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Differences in antigen presentation between sporozoite and parasitised-erythrocyte infections uncovers divergent mechanisms in the development of experimental cerebral malaria

Fernandes, Priyanka Noel

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Abstract

Cerebral malaria (CM) is one of the most severe manifestations of Plasmodium falciparum, characterised by seizures, coma and death within a short time period. The aetiology of the disease remains poorly understood and is limited by ethical constraints in dealing with human patients. A large body of research dedicated to CM has therefore focussed on delineating the mechanisms involved using the rodent model of malaria. Infection of mice with sporozoites or infected red blood cells (iRBCs) of PbANKA parasites recapitulates several features of CM including haemorrhaging, oedema and blood-brain barrier breakdown and is termed experimental CM (ECM).

The development of ECM relies on a complex series of interactions between the parasite and host. Although regarded as an immune-mediated pathology, sequestration of iRBCs is considered a central event for ECM to ensue, thus supporting the notion that ECM is purely the outcome of host-parasite interactions at the pathological blood stage. However, previous studies have shown that both surface antigens of iRBCs and the host’s immune response differ between naturally transmitted (sporozoites) and blood-passaged parasites. This thesis is therefore aimed at describing the role of a novel Plasmodium antigen in the development of ECM and outlining differences in ECM progression between naturally transmitted and blood-passaged parasites.

The antigen, PbmaLS_05 is expressed in both liver-stage- and blood-stage schizonts and localises to the apicoplast of individual merozoites. Deletion of the endogenous PbmaLS_05 had no effect on parasite viability, but abrogated the development of ECM in mice, after both sporozoite and iRBC infections. PbmaLS_05 (-) parasites displayed retarded growth rates in the blood and enhanced clearance by the spleen, both of which were more pronounced on the days when PbANKA wild type infected mice showed signs of ECM. The absence of ECM in PbmaLS_05 (-) infected mice was accompanied by reduced infiltration of activated CD8+ T cells within the brain and reduced cross-presentation of a known parasite antigen (GAP50) by the brain endothelium, after iRBC but not sporozoite infection. Further investigations into sporozoite infections revealed an important role for PbmaLS_05 in the priming of CD8+ T cells responsible for causing ECM. These data thus highlight the existence of multiple mechanisms leading up to the development of ECM relevant to sporozoite or iRBC infections, with potential implications for vaccines or therapeutics designed to alleviate CM.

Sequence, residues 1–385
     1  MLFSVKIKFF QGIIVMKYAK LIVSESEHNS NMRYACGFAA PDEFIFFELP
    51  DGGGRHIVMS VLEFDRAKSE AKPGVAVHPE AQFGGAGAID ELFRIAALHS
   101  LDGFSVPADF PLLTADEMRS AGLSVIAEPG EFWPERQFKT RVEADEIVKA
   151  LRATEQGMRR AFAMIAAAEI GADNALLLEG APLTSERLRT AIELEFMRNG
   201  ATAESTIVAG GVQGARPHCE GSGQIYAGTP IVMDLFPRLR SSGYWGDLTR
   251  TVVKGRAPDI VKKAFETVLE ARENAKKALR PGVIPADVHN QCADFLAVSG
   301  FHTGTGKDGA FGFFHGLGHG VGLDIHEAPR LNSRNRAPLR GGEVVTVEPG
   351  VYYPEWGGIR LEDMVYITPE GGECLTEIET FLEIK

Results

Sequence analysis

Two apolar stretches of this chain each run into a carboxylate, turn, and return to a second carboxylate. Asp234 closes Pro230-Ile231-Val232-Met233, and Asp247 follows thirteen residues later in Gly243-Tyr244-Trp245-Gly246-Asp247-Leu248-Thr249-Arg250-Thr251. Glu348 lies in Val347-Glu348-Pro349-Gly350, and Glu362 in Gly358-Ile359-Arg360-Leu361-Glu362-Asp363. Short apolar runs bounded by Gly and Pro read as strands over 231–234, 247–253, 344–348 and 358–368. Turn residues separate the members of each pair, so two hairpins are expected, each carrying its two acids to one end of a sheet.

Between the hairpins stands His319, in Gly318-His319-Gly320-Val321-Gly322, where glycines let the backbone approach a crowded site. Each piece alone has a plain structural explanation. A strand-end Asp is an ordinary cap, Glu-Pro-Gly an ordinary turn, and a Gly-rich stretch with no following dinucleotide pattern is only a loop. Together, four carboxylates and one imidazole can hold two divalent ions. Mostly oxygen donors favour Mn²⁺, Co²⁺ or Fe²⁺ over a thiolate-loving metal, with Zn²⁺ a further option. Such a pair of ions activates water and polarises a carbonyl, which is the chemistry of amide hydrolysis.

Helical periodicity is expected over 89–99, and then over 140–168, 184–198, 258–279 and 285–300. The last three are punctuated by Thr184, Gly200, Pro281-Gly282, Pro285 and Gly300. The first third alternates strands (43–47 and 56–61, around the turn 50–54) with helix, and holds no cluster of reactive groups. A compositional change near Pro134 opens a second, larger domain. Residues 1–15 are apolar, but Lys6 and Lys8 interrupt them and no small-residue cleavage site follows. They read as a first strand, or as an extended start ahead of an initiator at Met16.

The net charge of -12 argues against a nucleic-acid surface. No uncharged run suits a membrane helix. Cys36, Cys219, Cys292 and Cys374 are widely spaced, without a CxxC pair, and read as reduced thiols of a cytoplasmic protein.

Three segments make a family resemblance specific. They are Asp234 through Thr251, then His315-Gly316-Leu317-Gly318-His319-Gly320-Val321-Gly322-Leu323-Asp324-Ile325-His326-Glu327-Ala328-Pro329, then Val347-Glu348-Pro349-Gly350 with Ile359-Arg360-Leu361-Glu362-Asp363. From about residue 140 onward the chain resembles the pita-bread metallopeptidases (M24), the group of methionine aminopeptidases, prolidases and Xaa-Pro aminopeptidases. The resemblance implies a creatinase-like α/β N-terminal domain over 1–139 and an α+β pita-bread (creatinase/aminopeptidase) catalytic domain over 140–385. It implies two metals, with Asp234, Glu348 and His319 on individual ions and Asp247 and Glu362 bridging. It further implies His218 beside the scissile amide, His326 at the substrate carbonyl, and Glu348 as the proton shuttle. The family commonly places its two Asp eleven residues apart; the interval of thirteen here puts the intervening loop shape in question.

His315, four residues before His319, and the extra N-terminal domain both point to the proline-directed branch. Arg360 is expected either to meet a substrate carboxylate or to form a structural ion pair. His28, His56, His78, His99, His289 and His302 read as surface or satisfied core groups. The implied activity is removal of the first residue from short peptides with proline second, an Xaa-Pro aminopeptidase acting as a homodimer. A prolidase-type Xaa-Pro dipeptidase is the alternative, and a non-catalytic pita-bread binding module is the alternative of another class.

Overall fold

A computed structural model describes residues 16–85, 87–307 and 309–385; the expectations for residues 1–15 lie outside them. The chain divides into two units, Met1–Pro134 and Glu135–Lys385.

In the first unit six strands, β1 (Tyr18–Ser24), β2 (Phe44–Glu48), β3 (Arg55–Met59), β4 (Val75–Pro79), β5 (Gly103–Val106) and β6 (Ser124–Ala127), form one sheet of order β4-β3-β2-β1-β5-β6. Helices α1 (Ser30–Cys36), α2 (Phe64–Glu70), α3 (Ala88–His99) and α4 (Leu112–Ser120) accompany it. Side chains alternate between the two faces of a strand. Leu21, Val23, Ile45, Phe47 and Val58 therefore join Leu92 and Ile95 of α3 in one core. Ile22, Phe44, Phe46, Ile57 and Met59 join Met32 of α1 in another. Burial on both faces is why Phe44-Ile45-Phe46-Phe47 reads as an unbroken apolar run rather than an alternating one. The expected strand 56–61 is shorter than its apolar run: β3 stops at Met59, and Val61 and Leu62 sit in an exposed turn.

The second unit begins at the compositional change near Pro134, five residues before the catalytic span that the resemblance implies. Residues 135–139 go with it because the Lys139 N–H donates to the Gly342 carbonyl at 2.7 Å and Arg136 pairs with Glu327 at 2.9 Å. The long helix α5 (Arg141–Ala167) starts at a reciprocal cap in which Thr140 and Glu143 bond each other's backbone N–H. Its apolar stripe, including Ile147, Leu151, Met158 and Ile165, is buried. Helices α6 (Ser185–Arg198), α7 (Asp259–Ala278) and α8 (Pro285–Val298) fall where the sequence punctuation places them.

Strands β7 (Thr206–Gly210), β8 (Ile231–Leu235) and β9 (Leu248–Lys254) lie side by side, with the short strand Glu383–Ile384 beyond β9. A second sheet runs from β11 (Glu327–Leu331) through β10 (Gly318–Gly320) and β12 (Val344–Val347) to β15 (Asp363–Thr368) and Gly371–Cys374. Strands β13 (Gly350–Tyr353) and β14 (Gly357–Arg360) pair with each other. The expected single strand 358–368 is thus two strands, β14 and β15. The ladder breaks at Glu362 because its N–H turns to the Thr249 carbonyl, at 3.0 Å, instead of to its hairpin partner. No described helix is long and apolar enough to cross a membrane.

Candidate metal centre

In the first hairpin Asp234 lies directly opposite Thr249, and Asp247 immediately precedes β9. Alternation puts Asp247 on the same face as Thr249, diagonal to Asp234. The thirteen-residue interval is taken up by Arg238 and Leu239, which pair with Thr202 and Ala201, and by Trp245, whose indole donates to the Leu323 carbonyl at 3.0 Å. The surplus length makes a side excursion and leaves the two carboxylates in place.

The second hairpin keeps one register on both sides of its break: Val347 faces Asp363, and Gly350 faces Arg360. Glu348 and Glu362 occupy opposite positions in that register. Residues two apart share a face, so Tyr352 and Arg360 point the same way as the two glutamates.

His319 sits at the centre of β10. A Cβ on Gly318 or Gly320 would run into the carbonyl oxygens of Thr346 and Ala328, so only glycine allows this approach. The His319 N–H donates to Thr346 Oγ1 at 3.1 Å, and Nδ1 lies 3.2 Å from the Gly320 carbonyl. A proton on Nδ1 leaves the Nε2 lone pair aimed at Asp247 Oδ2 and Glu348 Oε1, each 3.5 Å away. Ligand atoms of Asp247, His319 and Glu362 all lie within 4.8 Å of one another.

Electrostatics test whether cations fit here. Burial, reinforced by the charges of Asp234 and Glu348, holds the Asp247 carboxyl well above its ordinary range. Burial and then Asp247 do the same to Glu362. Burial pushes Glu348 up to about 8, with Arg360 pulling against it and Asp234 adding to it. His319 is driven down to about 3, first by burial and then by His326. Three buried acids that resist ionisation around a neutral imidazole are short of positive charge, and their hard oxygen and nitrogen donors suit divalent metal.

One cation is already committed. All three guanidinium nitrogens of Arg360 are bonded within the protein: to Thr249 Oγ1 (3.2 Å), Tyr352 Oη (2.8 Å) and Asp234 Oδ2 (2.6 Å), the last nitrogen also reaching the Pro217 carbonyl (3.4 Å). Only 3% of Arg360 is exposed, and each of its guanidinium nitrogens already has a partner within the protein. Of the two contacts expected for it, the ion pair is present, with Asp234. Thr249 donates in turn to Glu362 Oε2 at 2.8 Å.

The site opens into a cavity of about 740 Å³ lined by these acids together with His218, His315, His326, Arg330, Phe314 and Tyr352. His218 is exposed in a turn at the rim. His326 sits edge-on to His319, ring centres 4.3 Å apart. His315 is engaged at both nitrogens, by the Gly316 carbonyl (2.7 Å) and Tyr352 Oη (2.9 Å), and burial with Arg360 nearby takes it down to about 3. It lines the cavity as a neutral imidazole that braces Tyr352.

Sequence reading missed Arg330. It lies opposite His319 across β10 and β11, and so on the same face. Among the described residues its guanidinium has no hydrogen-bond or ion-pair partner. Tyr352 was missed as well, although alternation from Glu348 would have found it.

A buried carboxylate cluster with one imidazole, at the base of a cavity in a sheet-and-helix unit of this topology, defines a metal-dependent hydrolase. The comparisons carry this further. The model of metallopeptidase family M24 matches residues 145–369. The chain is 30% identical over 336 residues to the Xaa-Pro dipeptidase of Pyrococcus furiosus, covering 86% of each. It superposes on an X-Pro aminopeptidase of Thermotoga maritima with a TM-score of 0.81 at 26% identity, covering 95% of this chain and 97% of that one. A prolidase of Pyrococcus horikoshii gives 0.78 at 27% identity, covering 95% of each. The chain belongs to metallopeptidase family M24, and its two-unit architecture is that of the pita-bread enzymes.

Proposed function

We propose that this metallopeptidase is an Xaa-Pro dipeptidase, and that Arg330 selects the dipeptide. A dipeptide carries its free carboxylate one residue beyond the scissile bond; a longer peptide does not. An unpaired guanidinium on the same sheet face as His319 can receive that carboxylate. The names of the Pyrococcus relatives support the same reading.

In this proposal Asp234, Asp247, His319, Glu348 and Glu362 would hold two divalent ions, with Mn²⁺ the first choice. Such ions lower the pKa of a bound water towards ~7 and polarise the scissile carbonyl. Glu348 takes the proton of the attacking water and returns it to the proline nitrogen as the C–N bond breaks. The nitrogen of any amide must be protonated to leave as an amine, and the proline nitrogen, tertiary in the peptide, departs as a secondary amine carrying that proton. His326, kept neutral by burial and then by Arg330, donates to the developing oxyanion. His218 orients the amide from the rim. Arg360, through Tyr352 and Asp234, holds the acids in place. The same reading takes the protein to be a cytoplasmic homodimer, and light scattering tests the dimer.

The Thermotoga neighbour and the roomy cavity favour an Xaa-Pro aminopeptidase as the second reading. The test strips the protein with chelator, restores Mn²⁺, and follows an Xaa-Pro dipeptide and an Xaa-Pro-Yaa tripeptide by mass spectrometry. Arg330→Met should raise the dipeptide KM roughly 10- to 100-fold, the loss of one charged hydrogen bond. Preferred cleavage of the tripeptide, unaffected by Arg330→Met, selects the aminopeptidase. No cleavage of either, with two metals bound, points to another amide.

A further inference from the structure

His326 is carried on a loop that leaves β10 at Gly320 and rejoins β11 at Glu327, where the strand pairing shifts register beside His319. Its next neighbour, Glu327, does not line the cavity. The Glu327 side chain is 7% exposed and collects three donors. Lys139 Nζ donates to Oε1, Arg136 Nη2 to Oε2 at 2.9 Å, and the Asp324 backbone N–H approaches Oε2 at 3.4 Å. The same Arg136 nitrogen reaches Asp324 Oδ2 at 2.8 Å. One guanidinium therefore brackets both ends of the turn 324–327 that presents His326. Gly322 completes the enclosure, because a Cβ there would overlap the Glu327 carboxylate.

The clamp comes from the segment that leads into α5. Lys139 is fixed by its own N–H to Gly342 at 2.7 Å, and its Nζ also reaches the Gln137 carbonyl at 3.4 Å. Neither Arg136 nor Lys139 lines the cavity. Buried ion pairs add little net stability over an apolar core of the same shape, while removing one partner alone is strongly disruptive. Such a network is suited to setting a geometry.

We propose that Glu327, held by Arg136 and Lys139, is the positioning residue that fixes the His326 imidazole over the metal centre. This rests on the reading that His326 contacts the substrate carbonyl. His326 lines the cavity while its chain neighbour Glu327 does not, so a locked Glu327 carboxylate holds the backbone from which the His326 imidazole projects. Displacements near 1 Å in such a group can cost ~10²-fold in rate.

Item Type: Dissertation
Supervisor: Mueller, Dr. Ann-Kristin
Date of thesis defense: 11 October 2016
Date Deposited: 25 Oct 2016 07:26
Date: 2016
Faculties / Institutes: The Faculty of Bio Sciences > Dean's Office of the Faculty of Bio Sciences
Subjects: 500 Natural sciences and mathematics
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